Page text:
This research is a historical-theoretical examination of how colonisation was operationalised in Queensland, Australia. It argues that colonisation was constituted as a form of government that had two constitutive dimensions: one metaphysical framed by aesthetic judgement and one technico-political framed by administrative functionality. The mapping of both dimensions provides a more accurate description of the operationalisation of colonisation.
This research applies a Foucauldian archaeology to the ongoing process of colonisation, and its findings are outlined in two parts. The first part discusses the global origins of how the colonial West first aesthetically conceptualised aboriginality and blackness in the Caribbean, and the second part discusses how this conceptualisation was wielded locally in Queensland through the administrative design of the Aboriginals Protection and Restriction of the Sale of Opium Act 1897 (1897 Act). Foucauldian archaeology is understood as a historical engagement with the origins of a given notion, concept, or praxis, and with its relationship to forms of governance (Agamben, 2009; Deleuze, 1985; Foucault, 1974).
This thesis begins with mapping the global origins of colonisation, which are found in the first European colonial experiences in the Caribbean in the 15th and 16th centuries where the Western conceptualisations of aboriginality and blackness were formed. I argue here that these conceptualisations were aesthetic assemblages that predate the post-Enlightenment discourses of anthropology. The first of these conceptualisations, aboriginality, was assembled at the end of the 15th and the beginning of the 16th centuries from the aesthetics of monstrosity. Through casting aboriginality in the imagery of the monstrous, and particularly of the cannibal, this conceptualisation justified the enslavement of aboriginal peoples, the first slavery in the Americas. A second conceptualisation, blackness, was assembled later in the 16th century. Blackness became historically tied through the conceptualisation of aboriginality to slavery. These two conceptualisations - aboriginality and blackness - were later used interchangeably in the 1897 Act as tools used to subjectify Aboriginal and Torres Strait Islander Queenslanders.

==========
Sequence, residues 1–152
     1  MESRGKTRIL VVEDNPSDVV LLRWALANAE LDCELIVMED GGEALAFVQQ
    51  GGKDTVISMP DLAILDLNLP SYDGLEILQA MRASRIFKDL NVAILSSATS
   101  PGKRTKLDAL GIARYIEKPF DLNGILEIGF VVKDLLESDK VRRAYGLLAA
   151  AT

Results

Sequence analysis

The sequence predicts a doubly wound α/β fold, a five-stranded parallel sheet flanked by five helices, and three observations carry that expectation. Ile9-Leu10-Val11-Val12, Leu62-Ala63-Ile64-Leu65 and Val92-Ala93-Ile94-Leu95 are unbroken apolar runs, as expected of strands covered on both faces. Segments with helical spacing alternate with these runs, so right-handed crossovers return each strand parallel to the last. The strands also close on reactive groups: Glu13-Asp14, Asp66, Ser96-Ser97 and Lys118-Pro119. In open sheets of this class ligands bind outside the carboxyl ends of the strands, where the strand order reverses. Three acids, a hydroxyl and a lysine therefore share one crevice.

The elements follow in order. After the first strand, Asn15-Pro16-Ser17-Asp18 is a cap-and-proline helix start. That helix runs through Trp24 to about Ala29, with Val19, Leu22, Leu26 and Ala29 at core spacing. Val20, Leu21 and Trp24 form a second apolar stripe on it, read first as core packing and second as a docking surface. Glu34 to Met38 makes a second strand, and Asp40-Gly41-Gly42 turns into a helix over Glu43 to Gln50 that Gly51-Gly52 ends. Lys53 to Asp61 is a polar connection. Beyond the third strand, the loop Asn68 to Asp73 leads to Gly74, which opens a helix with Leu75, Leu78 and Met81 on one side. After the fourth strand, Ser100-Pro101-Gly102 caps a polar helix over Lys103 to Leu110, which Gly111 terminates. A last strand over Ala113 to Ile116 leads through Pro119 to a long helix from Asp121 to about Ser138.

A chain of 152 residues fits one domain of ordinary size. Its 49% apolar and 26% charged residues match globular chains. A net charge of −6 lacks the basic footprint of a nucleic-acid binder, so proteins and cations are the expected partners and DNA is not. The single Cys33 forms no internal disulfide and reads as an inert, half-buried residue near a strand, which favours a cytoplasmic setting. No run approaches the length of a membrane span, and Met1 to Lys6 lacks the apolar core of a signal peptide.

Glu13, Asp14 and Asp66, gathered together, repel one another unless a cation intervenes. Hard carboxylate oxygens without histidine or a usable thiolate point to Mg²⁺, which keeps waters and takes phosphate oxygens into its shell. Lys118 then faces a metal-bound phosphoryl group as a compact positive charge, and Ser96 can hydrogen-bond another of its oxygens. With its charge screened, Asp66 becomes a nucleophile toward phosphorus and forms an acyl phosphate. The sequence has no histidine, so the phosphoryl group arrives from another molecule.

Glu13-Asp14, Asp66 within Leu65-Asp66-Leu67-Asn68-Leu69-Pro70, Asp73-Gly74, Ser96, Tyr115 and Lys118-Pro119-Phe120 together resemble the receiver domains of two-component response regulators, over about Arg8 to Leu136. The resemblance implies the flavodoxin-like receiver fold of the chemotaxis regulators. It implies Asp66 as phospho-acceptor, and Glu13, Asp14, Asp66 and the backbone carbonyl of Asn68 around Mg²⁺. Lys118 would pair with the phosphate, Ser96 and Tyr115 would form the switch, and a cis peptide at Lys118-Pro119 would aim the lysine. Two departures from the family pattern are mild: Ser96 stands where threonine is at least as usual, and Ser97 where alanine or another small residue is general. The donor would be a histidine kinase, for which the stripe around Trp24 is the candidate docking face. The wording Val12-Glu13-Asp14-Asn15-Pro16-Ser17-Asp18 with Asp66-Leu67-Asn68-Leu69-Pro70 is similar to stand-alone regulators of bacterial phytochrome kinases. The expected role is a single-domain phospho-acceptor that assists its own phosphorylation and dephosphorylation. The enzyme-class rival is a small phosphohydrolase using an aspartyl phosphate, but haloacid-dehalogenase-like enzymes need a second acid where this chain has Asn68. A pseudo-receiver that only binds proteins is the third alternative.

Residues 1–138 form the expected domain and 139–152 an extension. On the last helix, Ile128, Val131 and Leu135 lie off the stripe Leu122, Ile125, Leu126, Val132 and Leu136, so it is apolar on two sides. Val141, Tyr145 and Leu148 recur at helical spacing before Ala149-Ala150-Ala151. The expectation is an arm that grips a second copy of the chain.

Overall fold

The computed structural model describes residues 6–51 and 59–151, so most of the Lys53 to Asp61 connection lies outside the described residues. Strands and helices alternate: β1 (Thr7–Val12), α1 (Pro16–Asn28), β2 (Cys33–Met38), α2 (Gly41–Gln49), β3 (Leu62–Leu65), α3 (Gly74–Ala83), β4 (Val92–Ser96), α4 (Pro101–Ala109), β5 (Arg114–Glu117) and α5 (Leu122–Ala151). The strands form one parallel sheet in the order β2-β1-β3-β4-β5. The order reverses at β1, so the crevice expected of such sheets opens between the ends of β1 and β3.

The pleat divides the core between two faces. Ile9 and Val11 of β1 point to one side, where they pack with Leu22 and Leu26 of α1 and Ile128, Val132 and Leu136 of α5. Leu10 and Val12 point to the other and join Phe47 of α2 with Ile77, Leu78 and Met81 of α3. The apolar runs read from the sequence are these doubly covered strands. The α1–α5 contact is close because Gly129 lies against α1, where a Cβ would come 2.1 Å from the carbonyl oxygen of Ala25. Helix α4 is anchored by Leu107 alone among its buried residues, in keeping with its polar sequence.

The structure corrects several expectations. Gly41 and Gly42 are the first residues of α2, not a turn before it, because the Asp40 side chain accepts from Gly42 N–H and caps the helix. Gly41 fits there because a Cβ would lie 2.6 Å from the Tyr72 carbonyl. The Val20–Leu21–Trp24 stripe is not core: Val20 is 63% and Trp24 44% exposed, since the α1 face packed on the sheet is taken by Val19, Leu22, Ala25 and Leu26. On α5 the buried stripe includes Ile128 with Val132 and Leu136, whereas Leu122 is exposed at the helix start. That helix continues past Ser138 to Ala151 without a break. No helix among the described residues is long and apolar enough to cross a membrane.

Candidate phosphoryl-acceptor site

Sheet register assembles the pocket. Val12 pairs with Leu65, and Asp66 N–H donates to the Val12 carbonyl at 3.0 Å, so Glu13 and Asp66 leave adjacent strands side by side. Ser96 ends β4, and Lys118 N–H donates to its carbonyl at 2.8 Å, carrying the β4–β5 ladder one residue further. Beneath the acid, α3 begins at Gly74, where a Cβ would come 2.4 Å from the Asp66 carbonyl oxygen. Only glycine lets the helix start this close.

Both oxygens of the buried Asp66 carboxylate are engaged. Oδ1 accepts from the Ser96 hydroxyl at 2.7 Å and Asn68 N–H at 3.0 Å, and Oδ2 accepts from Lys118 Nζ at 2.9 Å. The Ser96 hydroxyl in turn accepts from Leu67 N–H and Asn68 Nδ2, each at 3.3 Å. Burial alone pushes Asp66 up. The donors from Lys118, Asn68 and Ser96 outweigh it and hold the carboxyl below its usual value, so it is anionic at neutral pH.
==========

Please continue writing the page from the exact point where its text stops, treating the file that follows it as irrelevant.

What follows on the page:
The thesis continues with analysing the functions of colonisation as a local form of governance. I term this the Blanket Approach, a wordplay that describes the pure function of colonisation as a form of governance. The operation of colonisation ￼II in Queensland is illustrated through the triple functions of the Blanket Approach: totalisation, multiplicity, and the creation of desire. Thus, the 1897 Act through its Blanket Approach imposes Western colonial conceptualisations of aboriginality and blackness through its totalising effect on the possible relationships between colonial subjects and the state, is distributed through a multiplicity of functions, and creates the conditions for a tailored relationship in the space of subjectivity.
Lastly, this research concludes that the two-fold operation that I describe links the local governance processes with global historical conceptualisations through a conceptualist movement, which is an administrative non-political movement whose concern, in the manner of conceptualist art, is with the appearance of things or of relationships in the world rather than with their substance. This conceptualist movement as a form of power aids colonisation as a localised form of governance. In this sense, colonisation is understood not only as a local process, or only as global machinery, but also as machinery that simultaneously operates micropolitically and macropolitically.